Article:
“She felt weak and utterly forlorn. She wished some help would come from outside. But in the whole world there was no help. Society was terrible because it was insane. Civilized society is insane. Money and so-called love are its two great manias; money a long way first. The individual asserts himself in his disconnected insanity in these two modes: money and love.”
Lady Chatterly spends the entirety of the novel trying to come to terms with her life in this insane civilization. She is the aristocracy, and her husband is a man who is learning to become a cold, calculating capitalist. While the world may be moving beyond the classic definitions of ‘aristocracy’ and ‘commoners,’ society is still quite obviously segregated. Clifford understands this, and is striving to keep his position in the world by remaining a relevant industrialist. The working masses are resources to be exploited to this end. Connie, on the other hand, is appalled at this way of life and attempts to find solace in her affair with the working-class Mellors. It is a fractious relationship, but there is a foundation of love beneath their differences. This is why the ending is satisfying in its ambiguity.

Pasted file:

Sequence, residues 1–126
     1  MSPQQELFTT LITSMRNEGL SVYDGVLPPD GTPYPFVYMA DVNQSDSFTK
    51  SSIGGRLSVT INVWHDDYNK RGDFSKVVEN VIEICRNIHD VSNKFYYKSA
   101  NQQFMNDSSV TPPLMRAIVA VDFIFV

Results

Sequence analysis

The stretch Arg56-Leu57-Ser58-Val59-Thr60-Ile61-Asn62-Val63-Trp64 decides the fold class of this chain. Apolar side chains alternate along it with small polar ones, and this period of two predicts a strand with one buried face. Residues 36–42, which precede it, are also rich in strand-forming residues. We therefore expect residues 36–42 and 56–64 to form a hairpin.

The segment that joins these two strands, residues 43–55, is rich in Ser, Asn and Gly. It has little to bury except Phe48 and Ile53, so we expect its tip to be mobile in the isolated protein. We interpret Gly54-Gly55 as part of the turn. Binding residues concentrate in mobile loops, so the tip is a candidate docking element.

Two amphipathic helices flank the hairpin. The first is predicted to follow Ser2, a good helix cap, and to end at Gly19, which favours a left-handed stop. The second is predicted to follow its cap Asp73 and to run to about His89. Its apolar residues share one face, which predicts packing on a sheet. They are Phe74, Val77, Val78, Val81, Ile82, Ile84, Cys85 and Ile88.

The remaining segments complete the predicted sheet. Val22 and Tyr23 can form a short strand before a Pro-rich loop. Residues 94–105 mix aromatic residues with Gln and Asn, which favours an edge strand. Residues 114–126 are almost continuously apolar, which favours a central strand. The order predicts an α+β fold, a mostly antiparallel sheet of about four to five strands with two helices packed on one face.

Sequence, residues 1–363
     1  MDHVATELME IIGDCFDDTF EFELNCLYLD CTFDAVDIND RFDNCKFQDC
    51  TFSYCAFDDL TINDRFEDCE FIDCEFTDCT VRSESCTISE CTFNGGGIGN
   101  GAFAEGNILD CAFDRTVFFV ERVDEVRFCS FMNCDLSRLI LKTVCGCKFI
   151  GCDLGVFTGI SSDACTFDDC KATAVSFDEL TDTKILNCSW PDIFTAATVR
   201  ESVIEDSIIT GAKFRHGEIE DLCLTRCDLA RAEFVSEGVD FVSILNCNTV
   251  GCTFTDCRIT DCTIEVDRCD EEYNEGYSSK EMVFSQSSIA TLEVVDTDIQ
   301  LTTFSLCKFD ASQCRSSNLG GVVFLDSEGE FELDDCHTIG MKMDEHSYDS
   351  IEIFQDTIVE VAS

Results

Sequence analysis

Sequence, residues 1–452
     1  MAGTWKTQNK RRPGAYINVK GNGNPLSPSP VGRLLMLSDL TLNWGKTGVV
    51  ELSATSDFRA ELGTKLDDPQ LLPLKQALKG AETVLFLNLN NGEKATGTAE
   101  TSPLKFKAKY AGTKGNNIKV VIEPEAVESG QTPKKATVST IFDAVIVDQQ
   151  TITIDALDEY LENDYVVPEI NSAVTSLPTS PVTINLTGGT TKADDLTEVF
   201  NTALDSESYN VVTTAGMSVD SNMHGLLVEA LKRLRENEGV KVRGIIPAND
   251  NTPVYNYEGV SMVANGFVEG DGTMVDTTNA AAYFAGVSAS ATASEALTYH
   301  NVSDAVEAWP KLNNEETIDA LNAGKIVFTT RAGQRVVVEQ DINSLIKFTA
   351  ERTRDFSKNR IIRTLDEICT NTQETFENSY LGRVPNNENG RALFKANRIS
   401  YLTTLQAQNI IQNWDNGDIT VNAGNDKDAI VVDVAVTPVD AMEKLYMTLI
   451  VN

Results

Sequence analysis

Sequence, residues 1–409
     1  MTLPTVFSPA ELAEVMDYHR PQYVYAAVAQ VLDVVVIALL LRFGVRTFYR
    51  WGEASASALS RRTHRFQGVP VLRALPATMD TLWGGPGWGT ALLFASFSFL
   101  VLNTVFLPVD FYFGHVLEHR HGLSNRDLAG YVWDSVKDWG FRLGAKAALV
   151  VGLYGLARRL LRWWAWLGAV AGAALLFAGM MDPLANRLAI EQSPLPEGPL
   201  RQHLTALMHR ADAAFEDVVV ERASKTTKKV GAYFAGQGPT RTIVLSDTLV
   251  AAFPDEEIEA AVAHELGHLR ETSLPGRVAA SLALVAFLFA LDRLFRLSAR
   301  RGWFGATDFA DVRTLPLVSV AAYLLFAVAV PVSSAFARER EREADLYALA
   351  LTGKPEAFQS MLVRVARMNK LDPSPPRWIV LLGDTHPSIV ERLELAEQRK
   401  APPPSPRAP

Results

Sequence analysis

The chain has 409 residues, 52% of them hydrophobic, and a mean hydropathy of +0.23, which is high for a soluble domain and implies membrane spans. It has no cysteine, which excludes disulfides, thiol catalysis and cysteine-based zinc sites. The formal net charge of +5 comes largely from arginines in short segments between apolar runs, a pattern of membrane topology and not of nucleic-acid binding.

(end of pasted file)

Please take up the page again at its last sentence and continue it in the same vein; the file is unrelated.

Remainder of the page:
I was preparing myself for the novel to end tragically. That’s the cliché, right? Lovers from two different worlds find each other only to be torn asunder by the harsh social mechanizations of the indifferent world order. It’s the Romeo and Juliet problem. Yet Lady Chatterly’s Lover does not end this way. The lovers remain together, even if they both bring their own set of troubles to the union. Clifford refuses to grant a divorce because he’s a dick. Mellors has serious issues with misanthropy. Then there’s the problem of bringing a child into the ailing modern world. Over and over various characters pop up who say delightful things like: “our old show will come flop: our civilization is going to fall. It’s going down the bottomless pit, down the chasm.” That’s the mind-set of post-war England, ten years removed from the most horrific industrialized nightmare the world has ever seen. All of this progress was often seen just too much, that there was no sane way for it to continue.